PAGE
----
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Don't let the details scare you. I sympathize with your situation.
Picking up my own inconsistencies, typos and careless errors
isn't something I do intuitively.
Editing your own work is never an ideal situation, but if you're the
only writer on staff (like me) you have to do it, and do it well,
or face sending stuff out with embarrassing mistakes.
For big manuals I make a checklist of the kinds of errors that
I tend to miss. Then I go through the manual, chapter by chapter,
checking specifically for those things. For example, I go through
once *just checking capitalization in my headings*. Then I go
through again, checking grammar. Then punctuation. Then
consistency of wording, etc.
It's tedious, mind-numbingly dull, and very slow going at first. I find
that I have to mix it in with other tasks or I fall asleep. But I've found
that you CAN train yourself to see the details. Over the last three
years or so I've gotten much faster and better at catching my own
I still don't catch all of my mistakes (I don't know whether you can,
in your own writing), but at least I get the manual to a point where
I know that there are no big, embarrassing mistakes. At that point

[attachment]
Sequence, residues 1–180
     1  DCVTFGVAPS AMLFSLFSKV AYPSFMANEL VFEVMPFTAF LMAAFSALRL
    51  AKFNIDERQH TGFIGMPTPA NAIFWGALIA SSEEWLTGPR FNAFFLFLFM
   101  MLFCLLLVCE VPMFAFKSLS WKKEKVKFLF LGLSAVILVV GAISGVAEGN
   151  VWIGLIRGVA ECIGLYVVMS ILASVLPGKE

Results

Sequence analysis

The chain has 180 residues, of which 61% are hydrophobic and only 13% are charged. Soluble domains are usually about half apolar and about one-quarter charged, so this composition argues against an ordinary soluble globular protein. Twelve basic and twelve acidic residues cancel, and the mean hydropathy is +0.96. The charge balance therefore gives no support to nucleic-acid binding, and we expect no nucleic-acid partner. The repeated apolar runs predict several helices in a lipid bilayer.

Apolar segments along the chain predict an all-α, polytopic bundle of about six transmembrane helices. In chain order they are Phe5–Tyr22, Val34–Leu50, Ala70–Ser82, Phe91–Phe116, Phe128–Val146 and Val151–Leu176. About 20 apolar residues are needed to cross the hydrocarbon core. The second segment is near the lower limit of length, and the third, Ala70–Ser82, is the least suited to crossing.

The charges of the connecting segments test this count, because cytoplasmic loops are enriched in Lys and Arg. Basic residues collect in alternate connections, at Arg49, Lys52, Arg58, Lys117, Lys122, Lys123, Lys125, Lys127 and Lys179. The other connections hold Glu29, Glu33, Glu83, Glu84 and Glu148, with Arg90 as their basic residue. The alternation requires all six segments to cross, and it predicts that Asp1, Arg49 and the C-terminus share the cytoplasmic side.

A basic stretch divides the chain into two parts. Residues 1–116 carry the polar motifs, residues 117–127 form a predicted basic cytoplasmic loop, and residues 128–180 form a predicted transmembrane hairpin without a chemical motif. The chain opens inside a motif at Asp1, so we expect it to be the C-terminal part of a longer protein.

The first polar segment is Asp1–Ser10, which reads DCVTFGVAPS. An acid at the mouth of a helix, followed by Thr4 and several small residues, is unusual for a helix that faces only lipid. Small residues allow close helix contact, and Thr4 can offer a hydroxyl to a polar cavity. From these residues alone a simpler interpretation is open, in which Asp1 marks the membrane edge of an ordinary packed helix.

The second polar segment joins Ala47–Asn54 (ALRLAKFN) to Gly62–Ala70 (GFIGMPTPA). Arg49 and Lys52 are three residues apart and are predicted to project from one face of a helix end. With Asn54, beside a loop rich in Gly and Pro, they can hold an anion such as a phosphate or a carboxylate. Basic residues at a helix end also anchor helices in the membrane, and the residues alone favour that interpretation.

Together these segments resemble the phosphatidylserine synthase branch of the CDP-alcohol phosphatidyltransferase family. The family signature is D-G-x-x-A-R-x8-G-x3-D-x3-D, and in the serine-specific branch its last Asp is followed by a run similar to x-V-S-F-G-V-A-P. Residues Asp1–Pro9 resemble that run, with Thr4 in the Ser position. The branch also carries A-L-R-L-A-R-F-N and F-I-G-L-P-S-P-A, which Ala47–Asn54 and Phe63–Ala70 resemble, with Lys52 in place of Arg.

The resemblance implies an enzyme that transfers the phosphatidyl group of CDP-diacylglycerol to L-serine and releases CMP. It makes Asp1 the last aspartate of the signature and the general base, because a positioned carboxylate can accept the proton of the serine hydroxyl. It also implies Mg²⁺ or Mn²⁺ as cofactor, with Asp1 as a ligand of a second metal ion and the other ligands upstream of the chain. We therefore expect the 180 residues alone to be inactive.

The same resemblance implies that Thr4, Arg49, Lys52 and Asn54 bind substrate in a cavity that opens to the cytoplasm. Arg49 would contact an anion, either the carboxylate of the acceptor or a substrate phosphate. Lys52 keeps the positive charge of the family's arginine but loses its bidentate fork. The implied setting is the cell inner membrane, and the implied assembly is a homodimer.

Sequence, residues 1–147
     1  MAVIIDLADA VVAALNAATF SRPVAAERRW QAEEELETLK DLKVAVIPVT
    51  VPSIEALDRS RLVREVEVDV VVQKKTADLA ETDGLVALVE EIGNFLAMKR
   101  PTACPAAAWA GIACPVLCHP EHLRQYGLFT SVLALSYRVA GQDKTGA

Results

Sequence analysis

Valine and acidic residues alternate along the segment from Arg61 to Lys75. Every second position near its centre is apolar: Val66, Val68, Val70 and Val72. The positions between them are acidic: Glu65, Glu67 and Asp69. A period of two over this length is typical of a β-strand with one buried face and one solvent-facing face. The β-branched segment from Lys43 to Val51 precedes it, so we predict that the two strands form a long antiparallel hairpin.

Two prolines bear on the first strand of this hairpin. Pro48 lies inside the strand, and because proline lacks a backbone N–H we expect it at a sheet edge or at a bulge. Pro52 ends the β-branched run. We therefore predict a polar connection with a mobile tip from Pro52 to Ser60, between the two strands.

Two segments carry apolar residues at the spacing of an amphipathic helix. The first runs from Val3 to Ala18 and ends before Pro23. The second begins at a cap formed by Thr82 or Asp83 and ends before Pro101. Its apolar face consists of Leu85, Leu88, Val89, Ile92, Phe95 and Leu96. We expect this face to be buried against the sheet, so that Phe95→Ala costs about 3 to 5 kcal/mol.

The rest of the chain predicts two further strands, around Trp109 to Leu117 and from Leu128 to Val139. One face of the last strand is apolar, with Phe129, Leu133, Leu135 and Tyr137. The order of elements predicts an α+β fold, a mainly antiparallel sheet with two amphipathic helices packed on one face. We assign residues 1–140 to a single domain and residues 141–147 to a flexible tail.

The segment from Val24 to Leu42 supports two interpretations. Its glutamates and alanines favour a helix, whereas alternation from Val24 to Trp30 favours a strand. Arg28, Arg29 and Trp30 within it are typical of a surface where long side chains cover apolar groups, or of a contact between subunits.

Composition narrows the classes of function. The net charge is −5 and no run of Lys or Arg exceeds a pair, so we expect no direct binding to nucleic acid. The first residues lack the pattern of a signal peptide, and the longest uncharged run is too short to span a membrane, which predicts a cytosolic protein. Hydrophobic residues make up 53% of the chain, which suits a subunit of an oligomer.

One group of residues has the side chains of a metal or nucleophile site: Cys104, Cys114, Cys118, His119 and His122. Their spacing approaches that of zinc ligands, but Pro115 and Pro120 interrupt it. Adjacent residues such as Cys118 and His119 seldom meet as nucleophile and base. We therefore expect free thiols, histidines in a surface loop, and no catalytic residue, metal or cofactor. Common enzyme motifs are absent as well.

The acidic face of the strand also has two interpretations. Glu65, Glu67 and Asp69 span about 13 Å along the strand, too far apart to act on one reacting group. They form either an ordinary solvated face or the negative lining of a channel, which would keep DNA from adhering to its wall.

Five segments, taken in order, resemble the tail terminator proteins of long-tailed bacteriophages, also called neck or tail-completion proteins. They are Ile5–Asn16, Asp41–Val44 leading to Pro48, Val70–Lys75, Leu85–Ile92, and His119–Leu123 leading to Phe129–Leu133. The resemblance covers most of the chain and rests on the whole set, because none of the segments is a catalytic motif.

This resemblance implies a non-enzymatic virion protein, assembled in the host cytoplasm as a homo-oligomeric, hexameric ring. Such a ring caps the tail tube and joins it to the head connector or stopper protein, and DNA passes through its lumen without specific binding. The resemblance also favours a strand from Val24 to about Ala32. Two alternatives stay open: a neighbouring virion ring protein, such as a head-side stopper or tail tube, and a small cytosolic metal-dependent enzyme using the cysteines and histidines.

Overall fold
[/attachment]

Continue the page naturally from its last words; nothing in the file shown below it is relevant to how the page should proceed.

I turn it over to our SMEs for their final review. They usually find
any remaining glitches.
The "A" answer, of course, is to have another writer proofread your
stuff. It's always easier to spot someone else's errors than your own.
It's also good to leave the document alone for a few days, if you have
the luxury of time. Then you can go back and read it more objectively.
Best of luck,
> I am having an awful experience coming face to face with the fact that I
> editing disabled. Design, Format, Conception - I'm your writer! Have me
> read what I wrote for missed words, inconsistencies, and the grammatical
> errors - No way.
> Here's the situation - huge reference manual (350 pages - personal high
> number count) - lot's o' fields to doc - lot's of redundancy built into
> doc so each chapter/section functions independently - Writer who doesn't
> find missed words, some missed field definitions, titles don't match
> paragraph references, etc. Conceptually, it covers a lot of ground. In
> the details, you've got problems.